Enabling students in the language arts classroom to learn the art of academic research can indeed be frustrating. This activity on blending research sources should not be attempted until each type of task—source citation, direct quotation, summary, and paraphrase have been completed individually elsewhere. Tasks of this nature require careful scaffolding to ensure student success.
The format used on the Blending Research Sources handout is particularly effective when it comes to helping struggling students realize the difference between each task. For students who are already proficient, it is a great activity for them to compare work with their peers.
Once you click on the handout link above, you can easily modify it to meet the specific purposes of your English classroom. The order of item completion corresponds to the difficulty of the task.
Step 1: Make a works cited entry.
First, discuss how and why the source meets your information needs. Then engage the class in helping locate each required bit of information. Websites like Son of Citation Machine work great for that purpose, plus many online databases now automatically format such entries for the user. Make sure to cover how to create a hanging indent and reiterate that sources on a works cited page are arranged alphabetically.
Step 2: Read the original passage aloud.
Are the meanings of the words clear? If not, are context clues available? Try to look up at least one word in an online dictionary just to act as a refresher of the parts of a definition.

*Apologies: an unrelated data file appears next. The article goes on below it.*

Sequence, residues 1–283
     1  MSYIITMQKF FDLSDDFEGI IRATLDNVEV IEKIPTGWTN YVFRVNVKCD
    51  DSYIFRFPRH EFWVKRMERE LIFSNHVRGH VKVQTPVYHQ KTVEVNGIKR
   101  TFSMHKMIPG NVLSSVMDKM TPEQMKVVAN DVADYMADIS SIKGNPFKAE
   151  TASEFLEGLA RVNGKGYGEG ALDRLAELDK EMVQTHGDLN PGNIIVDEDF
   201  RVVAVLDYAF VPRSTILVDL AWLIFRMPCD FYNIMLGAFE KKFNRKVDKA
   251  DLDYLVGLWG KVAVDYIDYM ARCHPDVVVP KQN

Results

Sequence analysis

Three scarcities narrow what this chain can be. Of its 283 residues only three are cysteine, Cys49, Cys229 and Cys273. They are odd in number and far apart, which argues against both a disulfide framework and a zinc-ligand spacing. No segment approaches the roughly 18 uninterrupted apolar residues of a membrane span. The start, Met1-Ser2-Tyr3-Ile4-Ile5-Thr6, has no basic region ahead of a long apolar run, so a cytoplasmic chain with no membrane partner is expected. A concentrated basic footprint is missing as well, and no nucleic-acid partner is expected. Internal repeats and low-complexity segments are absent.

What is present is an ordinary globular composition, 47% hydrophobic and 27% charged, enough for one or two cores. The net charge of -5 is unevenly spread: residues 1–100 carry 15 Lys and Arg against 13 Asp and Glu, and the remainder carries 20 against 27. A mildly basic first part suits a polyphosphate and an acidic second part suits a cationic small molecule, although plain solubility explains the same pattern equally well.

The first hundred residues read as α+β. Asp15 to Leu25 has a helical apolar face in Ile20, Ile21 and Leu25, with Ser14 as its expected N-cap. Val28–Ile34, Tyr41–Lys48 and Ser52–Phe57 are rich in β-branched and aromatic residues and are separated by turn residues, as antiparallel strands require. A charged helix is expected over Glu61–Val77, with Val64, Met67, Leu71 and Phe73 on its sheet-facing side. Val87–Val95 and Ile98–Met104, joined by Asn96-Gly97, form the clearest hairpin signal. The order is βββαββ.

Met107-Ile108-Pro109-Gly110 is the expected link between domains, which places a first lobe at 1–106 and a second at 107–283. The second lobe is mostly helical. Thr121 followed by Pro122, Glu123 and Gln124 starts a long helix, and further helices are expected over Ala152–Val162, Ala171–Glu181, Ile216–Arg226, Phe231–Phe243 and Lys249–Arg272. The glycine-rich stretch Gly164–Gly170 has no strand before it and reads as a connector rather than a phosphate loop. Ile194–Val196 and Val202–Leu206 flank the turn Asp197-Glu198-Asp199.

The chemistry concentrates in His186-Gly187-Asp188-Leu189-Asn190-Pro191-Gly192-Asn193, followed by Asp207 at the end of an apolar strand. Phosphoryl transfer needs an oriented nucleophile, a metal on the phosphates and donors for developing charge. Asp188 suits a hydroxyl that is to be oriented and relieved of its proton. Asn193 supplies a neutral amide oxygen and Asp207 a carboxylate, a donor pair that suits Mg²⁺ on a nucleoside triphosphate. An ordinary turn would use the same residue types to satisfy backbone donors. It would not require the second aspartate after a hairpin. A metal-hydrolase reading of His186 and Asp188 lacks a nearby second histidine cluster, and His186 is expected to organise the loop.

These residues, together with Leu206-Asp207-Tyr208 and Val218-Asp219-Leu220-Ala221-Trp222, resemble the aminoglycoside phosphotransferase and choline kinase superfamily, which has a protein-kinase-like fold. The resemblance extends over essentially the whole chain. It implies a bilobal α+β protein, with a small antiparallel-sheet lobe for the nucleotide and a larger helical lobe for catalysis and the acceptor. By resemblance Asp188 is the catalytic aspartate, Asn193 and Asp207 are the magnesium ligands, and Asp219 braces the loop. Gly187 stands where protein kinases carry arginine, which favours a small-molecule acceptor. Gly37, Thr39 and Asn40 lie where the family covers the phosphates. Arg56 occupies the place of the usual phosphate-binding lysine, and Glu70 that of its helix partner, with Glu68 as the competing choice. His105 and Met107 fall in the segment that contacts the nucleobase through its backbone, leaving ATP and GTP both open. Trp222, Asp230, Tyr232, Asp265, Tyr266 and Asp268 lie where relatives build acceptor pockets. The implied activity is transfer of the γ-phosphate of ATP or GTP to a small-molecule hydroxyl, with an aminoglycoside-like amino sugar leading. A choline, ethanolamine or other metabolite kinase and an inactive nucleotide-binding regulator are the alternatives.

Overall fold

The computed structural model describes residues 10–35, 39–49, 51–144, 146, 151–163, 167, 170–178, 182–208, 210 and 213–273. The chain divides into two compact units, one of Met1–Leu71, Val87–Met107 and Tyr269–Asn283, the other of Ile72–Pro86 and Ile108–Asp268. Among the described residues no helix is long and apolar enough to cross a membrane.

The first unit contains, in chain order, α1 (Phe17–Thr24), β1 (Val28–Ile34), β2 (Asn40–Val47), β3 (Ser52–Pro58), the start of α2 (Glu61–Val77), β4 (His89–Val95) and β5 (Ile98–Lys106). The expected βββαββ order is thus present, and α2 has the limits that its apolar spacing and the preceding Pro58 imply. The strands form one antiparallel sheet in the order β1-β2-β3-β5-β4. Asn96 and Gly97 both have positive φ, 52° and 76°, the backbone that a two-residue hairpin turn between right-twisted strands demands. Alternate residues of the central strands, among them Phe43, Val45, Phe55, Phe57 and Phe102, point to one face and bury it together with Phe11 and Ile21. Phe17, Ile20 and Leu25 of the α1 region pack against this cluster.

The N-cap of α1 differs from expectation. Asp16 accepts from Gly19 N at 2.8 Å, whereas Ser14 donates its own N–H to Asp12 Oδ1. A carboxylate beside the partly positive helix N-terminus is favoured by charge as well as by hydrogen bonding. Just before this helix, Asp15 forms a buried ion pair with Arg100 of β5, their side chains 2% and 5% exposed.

Step 3: Format a direct quote.
Read the directions aloud. Clarify as needed. Provide time for students to complete the work individually. If time allows, have them compare with a neighbor. Finally, once you have noted that everyone is finished, show a correct example on the board.
Step 4: Make a summary pyramid and write a summary.
As stated earlier, the students should already have practice completing a summation pyramid. Walk around and check their progress as needed. Emphasize they are to pick the most important keywords from the original passage. Once everyone is finished, show an example on the board. I usually show an example of a so/so summary and then compare it to one that is more concisely written and that changes as many keywords as possible to unique wordings.
Step 5: Write a paraphrase.
Remind the class that in addition to choosing synonyms, they will also want to re-structure sentences as they put the ideas from the original passage into their own words. It’s important that the paraphrase is about the same length as the original. Again, if time allows, compare. Then put up a so/so example to contrast with an excellent paraphrase. Another helpful trick is to give students highlighters so they can mark the words in their paraphrase that are the same as the original passage.
The concepts in this activity can be applied to every new piece of source material. In time, students will treat the process of blending sources as second nature and will no longer need the handout, though it can be useful to re-visit it with passages of increasing difficulty.
What effective strategies have you used for teaching research writing to your students?
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